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My Work Plan : A Summary

June 23, 2009
Silverman 1First of all, let me just say that I cannot believe that I have already been in Kakamega for over a month. Talk about how time flies! Even scarier, however, is the thought that I only have one month left to accomplish any of my goals at work. As I mentioned in my last post, I spent a lot of time during weeks 2 and 3 formulating my work plan. How could I have a sustainable impact on KES and the Kakamega community? This was a really difficult question to answer, and after hours of deliberation I decided not to focus on just one idea, but instead to work on a series of small projects that cold improve the cooperative’s effectiveness in Kakamega.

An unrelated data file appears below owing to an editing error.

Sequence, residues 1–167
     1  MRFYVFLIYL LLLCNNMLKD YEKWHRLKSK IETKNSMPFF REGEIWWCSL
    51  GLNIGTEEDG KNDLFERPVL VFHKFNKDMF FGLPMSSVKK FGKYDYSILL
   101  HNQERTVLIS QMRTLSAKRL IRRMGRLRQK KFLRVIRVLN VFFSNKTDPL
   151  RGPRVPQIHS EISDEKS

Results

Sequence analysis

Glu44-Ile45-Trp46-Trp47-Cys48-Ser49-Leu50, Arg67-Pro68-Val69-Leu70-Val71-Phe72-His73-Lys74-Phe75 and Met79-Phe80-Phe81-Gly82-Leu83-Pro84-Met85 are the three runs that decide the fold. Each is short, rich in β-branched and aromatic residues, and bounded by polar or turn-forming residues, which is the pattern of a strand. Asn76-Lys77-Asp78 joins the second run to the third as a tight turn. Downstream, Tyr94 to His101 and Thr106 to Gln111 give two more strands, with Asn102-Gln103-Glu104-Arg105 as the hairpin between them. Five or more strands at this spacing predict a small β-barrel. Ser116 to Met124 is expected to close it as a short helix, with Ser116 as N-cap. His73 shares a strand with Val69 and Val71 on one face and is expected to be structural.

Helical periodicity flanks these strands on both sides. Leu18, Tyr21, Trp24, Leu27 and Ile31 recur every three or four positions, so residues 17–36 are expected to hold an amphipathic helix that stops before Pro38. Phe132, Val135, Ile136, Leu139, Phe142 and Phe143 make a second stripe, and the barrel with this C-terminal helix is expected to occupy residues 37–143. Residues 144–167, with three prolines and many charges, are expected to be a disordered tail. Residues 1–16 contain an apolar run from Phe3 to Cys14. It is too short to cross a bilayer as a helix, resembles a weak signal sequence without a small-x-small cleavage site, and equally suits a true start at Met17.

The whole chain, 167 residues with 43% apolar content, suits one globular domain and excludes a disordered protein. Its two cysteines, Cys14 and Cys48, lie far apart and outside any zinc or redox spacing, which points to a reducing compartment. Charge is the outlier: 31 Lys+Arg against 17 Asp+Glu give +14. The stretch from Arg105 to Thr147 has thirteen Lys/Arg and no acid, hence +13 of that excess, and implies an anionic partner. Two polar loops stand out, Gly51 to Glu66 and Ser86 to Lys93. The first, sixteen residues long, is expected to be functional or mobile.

My first objective is to facilitate the involvement of current members and the recruitment of new members. KES has over 400 members, but suffers from a very high monthly default rate due to their “goodwill” debt collection procedures in which members are expected to pay monthly without any staff or loan officers to guide them. This high rate of default is detrimental to the cooperative’s growth and I believe it needs to be addressed as soon as possible if the SACCO is to reach its goal of being fully operational by 2012. My first idea is to create a quarterly newsletter, targeted specifically at members who have been dormant for more than two months. This newsletter (only 4 pages long) is almost complete and will be ready for KES’ Annual General Meeting scheduled to occur on June 27th. In addition, I am hoping to implement new incentive programs to encourage continuous payment of loans and member recruitment. Specifically, a member who makes loan payments every month for a year (a rarity in the current records) will receive the last month’s interest free, a member who pays his shares every month for a year will get the opportunity to take out a loan at a lower interest rate (.8% monthly instead of 1%), and members who recruit new members will receive a certain amount of money for every member they bring in. Finally, I have agreed to help the SACCO design a sign to help advertise their location on the main road of the town. These are all very simple ideas, but I hope that in combination they will give KES a boost in member recruitment and involvement.